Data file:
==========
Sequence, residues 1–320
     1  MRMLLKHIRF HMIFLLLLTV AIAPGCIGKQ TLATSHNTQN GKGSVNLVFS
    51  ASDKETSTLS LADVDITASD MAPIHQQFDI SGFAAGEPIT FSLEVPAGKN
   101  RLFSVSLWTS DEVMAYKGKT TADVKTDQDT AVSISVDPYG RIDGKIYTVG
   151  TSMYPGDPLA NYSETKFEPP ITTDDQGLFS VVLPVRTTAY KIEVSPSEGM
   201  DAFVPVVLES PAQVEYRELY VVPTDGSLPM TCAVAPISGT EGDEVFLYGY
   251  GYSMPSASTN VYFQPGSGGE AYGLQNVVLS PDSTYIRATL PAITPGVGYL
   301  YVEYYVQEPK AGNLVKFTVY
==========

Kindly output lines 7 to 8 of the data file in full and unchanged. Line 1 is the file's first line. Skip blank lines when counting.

   251  GYSMPSASTN VYFQPGSGGE AYGLQNVVLS PDSTYIRATL PAITPGVGYL
   301  YVEYYVQEPK AGNLVKFTVY